You may know, perhaps from personal experience, that if you put a bumper sticker on your car that reveals or even suggests that you are a conservative your car may be keyed. Liberal bumper stickers don’t elicit keying. Conservatives, as a general rule, just don’t think that criminal property destruction is a way to deal with liberals. We just think they are wrong, even misguided. We don’t hate them. They hate us, though. Fiercely. Enough to cause us thousands of dollars of damage just to make the point that they disagree with our bumper sticker.
Then they preach endlessly on tolerance.
A new report, in The Economist of all places, finds that the more people are exposed to socialism, the worse they behave. Germany would seem a perfect laboratory for an experiment with half of its people living under Soviet-style Communism for over 40 years. The other half lived the same period under capitalism, or at least an economic model as close to capitalism as Europe could manage. Pure free market capitalism existed in the 20th Century only in British Hong Kong. It exists in its pure form nowhere today, having been largely displaced by crony capitalism which is a polite term for fascism.
The authors of the study reported in the Economist are researchers from the University of Munich and Duke University in the U.S. They conducted an experiment on 250 Berliners in which their honesty in self reporting their scores in a game in which they could win some money was tested. They were asked to roll a die 40 times and self report their score after each roll. Each participant was to be paid up to €6 ($8), based upon their overall score. The higher the score, the higher the payoff. They were allowed to take either the top or bottom number on a roll of the die. Thus, if after a roll the top number is 2, the bottom number will be 5, or vice versa. Before each roll they were to commit to whether they would count the top or bottom number as the score on that roll.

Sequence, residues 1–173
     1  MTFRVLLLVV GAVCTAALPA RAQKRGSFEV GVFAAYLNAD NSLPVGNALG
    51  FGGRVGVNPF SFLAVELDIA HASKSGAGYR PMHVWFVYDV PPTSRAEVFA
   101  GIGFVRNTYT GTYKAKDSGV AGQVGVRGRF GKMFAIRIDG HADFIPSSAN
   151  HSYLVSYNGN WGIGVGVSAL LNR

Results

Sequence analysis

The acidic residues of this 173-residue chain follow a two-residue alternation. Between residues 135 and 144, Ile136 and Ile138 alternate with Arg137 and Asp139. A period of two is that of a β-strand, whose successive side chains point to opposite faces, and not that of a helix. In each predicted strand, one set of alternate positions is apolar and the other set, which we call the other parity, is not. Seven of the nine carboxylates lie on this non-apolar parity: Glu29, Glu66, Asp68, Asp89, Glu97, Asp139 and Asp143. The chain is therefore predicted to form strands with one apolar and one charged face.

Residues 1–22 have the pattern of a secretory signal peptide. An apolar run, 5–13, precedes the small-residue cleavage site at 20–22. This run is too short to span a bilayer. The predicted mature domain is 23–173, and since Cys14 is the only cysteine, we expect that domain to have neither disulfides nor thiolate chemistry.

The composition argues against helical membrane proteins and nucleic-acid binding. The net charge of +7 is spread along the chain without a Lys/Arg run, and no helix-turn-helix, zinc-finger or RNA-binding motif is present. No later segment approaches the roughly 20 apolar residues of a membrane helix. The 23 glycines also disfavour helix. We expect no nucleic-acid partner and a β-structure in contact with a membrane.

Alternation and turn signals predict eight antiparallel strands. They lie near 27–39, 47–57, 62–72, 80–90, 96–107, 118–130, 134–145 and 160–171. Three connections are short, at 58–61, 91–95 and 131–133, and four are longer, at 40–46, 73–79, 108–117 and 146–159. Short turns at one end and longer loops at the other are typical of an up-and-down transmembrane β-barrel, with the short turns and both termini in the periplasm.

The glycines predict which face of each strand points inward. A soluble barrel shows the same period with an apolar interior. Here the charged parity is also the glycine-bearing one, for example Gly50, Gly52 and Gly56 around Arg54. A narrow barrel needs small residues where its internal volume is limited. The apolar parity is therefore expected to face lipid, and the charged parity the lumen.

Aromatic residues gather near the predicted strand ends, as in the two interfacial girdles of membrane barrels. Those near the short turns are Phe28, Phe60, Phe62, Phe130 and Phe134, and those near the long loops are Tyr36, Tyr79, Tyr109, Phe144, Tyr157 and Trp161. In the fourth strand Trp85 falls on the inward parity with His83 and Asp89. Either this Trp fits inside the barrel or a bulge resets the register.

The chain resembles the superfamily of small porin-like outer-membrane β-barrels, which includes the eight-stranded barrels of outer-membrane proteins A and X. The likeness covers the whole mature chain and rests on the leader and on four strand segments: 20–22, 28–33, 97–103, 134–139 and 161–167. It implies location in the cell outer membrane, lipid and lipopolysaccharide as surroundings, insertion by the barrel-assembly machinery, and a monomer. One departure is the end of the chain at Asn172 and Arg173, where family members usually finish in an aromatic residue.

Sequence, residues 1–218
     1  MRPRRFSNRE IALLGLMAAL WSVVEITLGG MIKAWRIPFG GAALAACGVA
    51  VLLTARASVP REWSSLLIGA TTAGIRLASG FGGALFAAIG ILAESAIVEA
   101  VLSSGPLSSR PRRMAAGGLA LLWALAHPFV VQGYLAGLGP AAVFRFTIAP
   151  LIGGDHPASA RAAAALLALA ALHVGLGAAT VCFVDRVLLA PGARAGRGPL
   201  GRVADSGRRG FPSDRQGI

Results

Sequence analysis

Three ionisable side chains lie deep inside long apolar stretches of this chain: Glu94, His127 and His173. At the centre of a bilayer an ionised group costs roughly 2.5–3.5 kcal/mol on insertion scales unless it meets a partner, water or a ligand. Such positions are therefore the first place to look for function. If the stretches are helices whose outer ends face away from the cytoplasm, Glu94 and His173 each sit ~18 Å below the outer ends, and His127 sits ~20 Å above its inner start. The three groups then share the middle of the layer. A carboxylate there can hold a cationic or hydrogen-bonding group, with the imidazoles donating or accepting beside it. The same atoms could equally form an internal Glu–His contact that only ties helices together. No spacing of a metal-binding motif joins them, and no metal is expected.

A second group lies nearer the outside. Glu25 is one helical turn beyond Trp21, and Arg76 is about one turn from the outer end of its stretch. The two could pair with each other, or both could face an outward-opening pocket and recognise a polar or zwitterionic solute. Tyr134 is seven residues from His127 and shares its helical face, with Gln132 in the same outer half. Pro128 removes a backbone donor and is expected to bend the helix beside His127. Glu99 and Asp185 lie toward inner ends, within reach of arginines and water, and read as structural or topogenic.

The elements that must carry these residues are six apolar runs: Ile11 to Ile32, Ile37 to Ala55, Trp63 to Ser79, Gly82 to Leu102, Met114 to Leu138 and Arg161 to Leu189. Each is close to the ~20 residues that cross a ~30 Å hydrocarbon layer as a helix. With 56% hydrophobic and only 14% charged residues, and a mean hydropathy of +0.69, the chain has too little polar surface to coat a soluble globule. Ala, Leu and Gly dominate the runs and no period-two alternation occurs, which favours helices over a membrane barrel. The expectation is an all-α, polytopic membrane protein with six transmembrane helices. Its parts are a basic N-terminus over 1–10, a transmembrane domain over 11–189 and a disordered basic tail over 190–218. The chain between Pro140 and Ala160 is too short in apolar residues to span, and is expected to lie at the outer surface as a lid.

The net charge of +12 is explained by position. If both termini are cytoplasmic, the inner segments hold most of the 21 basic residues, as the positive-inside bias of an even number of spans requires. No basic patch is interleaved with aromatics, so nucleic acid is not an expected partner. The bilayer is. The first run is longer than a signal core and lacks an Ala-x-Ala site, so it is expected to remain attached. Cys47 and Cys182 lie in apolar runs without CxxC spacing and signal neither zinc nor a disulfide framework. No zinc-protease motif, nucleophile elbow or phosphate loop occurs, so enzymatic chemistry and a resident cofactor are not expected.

Their choice of either top or bottom number in advance of each roll was the honesty test because they were not required to tell anyone which they had chosen. Thus, a opportunity to cheat without detection was introduced into the experiment. Since a higher overall score meant higher winnings, the experiment tested their willingness to lie for personal gain.
Assuming this group of Berliners included participants who where old enough to have lived either in the capitalist half of Germany or the Communist half, this might be called an experiment that tested the relative sense of morality one would develop living under each system. It might provide some sort of answer to the perennial question which system inculcates morality the best, the socialist system of sharing the wealth or the capitalist system of every dog for himself. An old joke in the Soviet Union, told in the Economist article, is that capitalism is where man exploits man, and socialism is just the opposite.